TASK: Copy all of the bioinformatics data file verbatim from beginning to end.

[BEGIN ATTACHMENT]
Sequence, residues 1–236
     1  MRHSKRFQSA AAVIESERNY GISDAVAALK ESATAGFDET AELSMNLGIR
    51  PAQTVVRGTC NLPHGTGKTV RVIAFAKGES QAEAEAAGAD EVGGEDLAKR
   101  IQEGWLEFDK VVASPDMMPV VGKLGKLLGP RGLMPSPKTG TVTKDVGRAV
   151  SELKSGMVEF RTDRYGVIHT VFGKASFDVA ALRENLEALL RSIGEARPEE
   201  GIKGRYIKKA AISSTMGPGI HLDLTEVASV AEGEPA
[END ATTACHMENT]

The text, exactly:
Sequence, residues 1–236
     1  MRHSKRFQSA AAVIESERNY GISDAVAALK ESATAGFDET AELSMNLGIR
    51  PAQTVVRGTC NLPHGTGKTV RVIAFAKGES QAEAEAAGAD EVGGEDLAKR
   101  IQEGWLEFDK VVASPDMMPV VGKLGKLLGP RGLMPSPKTG TVTKDVGRAV
   151  SELKSGMVEF RTDRYGVIHT VFGKASFDVA ALRENLEALL RSIGEARPEE
   201  GIKGRYIKKA AISSTMGPGI HLDLTEVASV AEGEPA